Lord Stoneham: Why we need to look at new Garden Cities

Today Lord Stoneham of Droxford will use oral questions in the Chamber to ask the Government when it will publish a promised prospectus on establishing new Garden Cities. They need to be considered seriously as a way of tackling the housing shortage, he says

Lord Stoneham of Droxford
Lord Stoneham of Droxford

It is clear that housing must play a key role in Government policy if we are to build  a stronger economy in a fairer society.

After  several decades of  housing undersupply in the face of growing need and demand, the great danger for  the next 10 years  is another decade of house prices booming in the face of market shortages.

Well designed, sustainable housing  must be high on the Government’s agenda to help get the economy moving and to meet real social need.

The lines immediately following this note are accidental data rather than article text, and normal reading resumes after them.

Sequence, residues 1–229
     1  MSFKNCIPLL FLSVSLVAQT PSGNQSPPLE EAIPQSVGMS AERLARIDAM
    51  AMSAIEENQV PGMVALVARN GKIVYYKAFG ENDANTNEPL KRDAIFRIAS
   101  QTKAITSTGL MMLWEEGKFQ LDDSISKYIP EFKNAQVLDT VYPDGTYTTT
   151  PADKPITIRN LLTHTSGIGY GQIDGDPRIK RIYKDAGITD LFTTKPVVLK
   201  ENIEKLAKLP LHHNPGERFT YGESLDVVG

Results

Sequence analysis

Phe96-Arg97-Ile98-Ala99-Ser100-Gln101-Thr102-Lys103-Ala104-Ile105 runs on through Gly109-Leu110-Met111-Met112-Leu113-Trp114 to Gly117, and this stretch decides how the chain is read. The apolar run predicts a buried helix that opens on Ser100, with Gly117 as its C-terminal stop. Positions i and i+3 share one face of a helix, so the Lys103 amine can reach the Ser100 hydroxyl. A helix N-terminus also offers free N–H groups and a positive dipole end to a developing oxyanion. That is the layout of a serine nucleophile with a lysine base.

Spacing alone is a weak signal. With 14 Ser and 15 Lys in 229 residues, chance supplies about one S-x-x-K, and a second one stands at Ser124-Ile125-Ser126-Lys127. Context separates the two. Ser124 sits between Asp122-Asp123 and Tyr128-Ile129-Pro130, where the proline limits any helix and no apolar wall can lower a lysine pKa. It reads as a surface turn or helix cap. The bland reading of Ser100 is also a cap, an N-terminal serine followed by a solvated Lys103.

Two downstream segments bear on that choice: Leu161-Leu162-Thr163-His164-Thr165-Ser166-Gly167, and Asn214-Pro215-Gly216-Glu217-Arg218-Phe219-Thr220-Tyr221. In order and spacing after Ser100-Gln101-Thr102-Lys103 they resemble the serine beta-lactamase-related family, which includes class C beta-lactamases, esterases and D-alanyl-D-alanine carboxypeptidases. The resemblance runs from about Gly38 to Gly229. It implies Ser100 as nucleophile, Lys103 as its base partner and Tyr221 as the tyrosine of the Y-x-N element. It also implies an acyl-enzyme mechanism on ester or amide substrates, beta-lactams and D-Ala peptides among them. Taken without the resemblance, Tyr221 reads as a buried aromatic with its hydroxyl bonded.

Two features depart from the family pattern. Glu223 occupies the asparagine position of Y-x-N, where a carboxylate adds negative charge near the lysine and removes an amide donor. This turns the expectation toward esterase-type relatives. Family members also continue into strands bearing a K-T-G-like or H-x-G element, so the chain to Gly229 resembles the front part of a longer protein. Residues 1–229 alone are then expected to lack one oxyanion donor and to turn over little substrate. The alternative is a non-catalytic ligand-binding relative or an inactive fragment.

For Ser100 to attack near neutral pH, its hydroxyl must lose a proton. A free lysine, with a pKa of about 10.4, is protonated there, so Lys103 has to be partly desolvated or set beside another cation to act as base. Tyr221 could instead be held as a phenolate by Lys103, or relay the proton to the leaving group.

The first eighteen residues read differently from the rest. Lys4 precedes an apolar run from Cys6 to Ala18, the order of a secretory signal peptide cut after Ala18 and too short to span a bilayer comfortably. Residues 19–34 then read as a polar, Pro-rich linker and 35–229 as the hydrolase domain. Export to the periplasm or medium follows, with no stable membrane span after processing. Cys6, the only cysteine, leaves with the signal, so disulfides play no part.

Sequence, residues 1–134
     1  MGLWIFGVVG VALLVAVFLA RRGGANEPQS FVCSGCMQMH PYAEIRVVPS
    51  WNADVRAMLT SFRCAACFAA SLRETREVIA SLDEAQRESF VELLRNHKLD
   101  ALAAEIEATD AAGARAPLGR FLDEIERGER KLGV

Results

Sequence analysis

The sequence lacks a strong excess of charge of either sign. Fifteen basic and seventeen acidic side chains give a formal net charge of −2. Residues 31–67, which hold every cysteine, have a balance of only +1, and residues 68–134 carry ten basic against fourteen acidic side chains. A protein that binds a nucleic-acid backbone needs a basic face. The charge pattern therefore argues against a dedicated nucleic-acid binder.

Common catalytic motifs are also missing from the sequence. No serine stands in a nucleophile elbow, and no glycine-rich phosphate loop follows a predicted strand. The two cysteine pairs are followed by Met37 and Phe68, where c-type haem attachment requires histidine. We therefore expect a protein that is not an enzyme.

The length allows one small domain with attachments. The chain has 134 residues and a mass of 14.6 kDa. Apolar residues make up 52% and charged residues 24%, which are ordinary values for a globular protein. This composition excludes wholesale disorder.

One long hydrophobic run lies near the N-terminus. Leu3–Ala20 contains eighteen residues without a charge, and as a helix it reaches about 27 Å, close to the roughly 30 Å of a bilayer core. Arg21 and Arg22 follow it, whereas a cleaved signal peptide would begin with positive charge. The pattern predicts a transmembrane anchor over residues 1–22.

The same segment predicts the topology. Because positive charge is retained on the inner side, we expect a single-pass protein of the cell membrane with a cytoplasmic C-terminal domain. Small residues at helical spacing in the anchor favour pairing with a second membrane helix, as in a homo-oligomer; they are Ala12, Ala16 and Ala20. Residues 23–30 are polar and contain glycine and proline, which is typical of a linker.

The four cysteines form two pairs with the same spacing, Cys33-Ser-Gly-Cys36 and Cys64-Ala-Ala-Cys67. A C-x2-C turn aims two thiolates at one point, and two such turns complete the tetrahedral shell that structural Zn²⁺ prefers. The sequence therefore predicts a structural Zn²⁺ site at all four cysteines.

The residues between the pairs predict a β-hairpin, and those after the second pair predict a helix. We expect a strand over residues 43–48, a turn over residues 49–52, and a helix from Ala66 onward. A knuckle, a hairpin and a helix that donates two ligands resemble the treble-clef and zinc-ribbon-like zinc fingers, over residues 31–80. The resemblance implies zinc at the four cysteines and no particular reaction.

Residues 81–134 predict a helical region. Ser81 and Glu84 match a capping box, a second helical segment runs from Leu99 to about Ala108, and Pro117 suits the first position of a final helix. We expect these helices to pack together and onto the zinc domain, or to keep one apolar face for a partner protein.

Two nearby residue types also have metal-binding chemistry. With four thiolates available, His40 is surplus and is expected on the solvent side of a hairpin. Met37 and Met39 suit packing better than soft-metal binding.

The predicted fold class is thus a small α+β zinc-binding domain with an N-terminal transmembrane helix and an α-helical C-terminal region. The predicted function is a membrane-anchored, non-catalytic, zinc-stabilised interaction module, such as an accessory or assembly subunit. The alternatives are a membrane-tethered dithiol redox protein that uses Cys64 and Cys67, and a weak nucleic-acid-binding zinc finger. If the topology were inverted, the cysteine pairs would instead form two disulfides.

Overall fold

The scale of the need is such that we will not be able to depend on small-scale infill or urban sprawl development. One of the great successes of social  policy after the second world war was the development of Garden Cities such as Letchworth, Stevenage and Welwyn. That is why Garden Cities should be looked at again.

In its Housing Strategy published in November 2011 the Government promised to publish a prospectus of what it expected from local authorities and developers and the contribution the Government could make to get some of these big new developments on the housing agenda.

Obviously these developments won’t happen overnight because  consultation and local support will be paramount. Their design and sustainability will be central too.

But if Garden Cities are to be a realistic option which can make an impact within the next decade we are asking the Government  to publish their  prospectus  as soon as possible and certainly before the autumn, when it will be two years since they committed themselves to do so. That is why the question will be asked in the House of Lords today.

Publication should help to demonstrate that after several decades of neglect the Government is determined to make housing a central element of its plans for economic and social regeneration.

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